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Old 02-06-2009, 10:55 PM   #1
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Bread Flour?

Can all purpose flour be substituted for bread flour?


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Old 02-06-2009, 11:22 PM   #2
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Generally, the answer is yes. The results will be slightly different because of the different protein content and if you measure with cups you might need a little bit more AP than the recipe calls for. If flour is weighed, I find that the two flours can be interchanged freely by weight with very little adjustment needed. If there is a fair amount whole wheat flour in the recipe [25% or more], the substitution will be a less successful than if the recipe calls for all white flour.
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Old 02-06-2009, 11:23 PM   #3
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In most cases, yes, though there will be differences in the end product.

If you tell us more about the recipe you're trying to alter, we are more likely to be able to give you a definite answer.
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Old 02-07-2009, 02:51 AM   #4
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I would tend to the no, you need the bigger clout of gluten to make the bread work well. You could always have a go as an experiment.
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Old 02-07-2009, 06:40 AM   #5
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AP tends to result in more cake-like breads. ie it's ok if you want to make hamburger buns.
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Old 02-07-2009, 10:11 AM   #6
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Because there is simply no such thing as bread flour here in Mexico, I always use all purpose flour and make absolutely delectable breads. My loaves are nice and chewy, never cake-like. Of course, the standard Mexican flour may have more gluten in it; I just don't know.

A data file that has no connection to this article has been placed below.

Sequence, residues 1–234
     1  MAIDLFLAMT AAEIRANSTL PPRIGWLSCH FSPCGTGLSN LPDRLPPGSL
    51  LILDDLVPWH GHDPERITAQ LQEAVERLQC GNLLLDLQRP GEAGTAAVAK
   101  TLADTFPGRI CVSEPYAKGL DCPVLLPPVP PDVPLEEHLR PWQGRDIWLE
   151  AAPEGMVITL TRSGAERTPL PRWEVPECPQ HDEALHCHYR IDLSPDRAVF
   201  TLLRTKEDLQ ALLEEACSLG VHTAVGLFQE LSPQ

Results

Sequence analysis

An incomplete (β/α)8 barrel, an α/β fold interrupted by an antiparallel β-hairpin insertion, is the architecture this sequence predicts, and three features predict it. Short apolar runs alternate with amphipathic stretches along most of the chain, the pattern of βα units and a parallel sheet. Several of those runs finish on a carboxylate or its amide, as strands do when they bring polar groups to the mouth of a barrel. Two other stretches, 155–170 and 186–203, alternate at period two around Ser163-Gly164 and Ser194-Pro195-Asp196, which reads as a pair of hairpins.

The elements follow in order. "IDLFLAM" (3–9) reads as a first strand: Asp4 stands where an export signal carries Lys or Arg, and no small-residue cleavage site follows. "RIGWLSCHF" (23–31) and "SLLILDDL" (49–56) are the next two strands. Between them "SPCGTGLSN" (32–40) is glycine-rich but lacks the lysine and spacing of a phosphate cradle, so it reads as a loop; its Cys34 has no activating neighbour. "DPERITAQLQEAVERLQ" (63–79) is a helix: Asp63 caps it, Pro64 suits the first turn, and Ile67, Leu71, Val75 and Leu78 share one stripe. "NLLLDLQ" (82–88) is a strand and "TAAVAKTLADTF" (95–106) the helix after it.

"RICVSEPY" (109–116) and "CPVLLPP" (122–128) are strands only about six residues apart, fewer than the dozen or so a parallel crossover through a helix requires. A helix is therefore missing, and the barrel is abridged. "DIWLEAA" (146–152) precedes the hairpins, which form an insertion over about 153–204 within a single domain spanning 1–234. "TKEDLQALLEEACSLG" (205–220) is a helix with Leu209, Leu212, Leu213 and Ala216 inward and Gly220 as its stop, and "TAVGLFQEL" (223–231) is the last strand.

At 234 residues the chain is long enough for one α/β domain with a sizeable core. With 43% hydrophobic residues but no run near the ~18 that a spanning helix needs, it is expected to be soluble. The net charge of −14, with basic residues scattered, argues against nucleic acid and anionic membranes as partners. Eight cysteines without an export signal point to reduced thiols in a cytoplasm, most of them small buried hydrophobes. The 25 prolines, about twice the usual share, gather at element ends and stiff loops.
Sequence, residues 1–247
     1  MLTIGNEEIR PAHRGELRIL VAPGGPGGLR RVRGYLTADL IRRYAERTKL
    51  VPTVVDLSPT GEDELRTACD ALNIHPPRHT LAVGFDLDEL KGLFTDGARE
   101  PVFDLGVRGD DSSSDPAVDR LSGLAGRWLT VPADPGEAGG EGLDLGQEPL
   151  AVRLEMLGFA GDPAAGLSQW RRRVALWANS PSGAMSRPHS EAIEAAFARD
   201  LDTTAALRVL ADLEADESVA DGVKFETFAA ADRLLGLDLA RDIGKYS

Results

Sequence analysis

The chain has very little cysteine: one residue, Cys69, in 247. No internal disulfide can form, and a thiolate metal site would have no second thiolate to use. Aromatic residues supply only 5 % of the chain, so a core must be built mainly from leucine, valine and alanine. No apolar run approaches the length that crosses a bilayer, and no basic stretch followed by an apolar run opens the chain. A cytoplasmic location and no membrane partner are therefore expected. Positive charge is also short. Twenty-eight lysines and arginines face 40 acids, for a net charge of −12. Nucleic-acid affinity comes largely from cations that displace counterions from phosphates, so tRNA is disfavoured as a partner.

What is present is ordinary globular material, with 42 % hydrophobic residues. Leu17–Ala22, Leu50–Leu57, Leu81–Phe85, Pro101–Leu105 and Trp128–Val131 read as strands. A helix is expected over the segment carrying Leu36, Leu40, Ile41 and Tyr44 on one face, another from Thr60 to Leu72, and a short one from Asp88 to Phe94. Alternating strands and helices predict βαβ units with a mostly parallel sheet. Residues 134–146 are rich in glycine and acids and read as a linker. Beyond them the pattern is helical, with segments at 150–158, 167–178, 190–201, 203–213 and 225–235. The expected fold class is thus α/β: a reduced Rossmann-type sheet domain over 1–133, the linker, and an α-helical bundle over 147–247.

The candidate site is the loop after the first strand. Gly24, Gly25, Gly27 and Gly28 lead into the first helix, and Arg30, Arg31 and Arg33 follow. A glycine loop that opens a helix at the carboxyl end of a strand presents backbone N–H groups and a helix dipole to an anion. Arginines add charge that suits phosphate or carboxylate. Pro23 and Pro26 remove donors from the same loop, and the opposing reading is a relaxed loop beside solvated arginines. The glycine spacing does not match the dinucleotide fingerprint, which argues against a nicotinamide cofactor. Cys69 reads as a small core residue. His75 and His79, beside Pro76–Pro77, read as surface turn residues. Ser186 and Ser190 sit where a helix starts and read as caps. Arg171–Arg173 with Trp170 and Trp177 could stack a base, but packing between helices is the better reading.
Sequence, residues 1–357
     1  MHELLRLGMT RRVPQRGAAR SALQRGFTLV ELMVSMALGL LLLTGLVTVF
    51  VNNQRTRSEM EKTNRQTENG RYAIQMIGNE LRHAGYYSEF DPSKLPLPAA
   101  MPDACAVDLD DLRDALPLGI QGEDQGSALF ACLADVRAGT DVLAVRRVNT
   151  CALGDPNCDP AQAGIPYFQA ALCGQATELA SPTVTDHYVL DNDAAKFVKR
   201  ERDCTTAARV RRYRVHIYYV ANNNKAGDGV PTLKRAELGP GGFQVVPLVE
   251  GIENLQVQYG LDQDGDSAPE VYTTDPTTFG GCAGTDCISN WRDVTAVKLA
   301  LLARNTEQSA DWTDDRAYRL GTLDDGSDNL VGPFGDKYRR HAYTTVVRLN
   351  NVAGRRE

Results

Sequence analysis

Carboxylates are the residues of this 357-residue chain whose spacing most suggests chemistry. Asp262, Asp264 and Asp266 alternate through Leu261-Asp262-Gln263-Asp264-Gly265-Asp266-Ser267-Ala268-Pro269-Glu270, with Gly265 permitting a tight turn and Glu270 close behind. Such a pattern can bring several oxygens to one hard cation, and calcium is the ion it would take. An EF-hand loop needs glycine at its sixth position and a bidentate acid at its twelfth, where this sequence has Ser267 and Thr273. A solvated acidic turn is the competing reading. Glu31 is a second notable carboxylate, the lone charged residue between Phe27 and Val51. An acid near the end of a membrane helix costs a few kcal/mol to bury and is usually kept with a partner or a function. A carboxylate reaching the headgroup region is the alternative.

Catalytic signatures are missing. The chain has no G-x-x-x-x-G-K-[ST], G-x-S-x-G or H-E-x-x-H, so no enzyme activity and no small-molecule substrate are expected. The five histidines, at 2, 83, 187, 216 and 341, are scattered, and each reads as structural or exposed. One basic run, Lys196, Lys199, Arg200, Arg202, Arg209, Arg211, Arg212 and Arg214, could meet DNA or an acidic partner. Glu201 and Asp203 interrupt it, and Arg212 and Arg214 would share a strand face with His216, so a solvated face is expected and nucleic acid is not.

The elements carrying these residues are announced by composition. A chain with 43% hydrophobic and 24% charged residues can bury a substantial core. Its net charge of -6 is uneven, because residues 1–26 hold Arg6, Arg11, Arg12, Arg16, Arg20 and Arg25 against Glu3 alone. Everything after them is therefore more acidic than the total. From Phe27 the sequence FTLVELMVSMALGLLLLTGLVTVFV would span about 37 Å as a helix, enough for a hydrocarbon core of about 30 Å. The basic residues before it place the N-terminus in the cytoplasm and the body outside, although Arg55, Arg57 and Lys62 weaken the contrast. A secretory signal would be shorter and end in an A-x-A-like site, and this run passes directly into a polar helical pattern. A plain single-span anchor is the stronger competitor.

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Old 02-07-2009, 12:09 PM   #7
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Here's what I was up to yesterday.I'm not allowed to post links yet.I used Joe's Italian Sub Sammich Bread recipe.

Directions were followed,only switched out the flour for all purpose.

I was uncertain about how many loaves it would make.Went ahead and made 4 loaves shaped just like Joe's. It would have been better if I had just made 2.Mine were pretty puny looking.They just didn't rise enough the second time around.That's letting it rise in a warm kitchen for 2 hrs,and then baked.

After reading all the posts here.I see why it's called for. The loaves had an outstanding flavor.All of us here loved it.Thanks Joe! :)
I'll be making it again.But only as a special occasion.Bread flour here is $5 for 5lbs..I can't afford that.We've been furloughed...Not good.

On the bright side I did learn something. It's nice to know that my end products consistency is ok, acceptable considering the flour I used.

You guys were a tremendous help.Thank you.

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Old 02-15-2009, 04:41 PM   #8
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The terms "all purpose flour" and "bread flour" are generally very poorly defined, and the products are often times synonymous.

Typically, a bread flour may have anywhere from 10% to 13% gluten, depending on the brand. All purpose flour will generally be in the 8% to 12% range, again depending on brand. There are huge regional differences. In certain areas, flours may be much softer with lower protein content, whereas in other areas you may not be able to find anything but high protein flours.
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Old 02-25-2009, 08:21 AM   #9
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when I first started baking my own bread, I used a mix of a/p flour and
whole wheat. I discovered bread flour and did notice a difference in the
texture and density of the finished product. over the years I have found
out that I get better results with the bread flour by kneading for 10 minutes
instead of the usual 6 to 8. and lets face it-sometimes I just didn't have
it on hand so I tracked down what the exact difference was. as everyone
else has said, it has a higher gluten content and when I did a little more
research I learned how to make my own. now I just keep a box of wheat
gluten in my cabinet and add 1 T. to 1 C. of unbleached a/p flour. it
actually works better for me doing it this way. I get a consistent result
and I know exactly what I am getting by doing it myself.
I also save money to boot, so that works for me!
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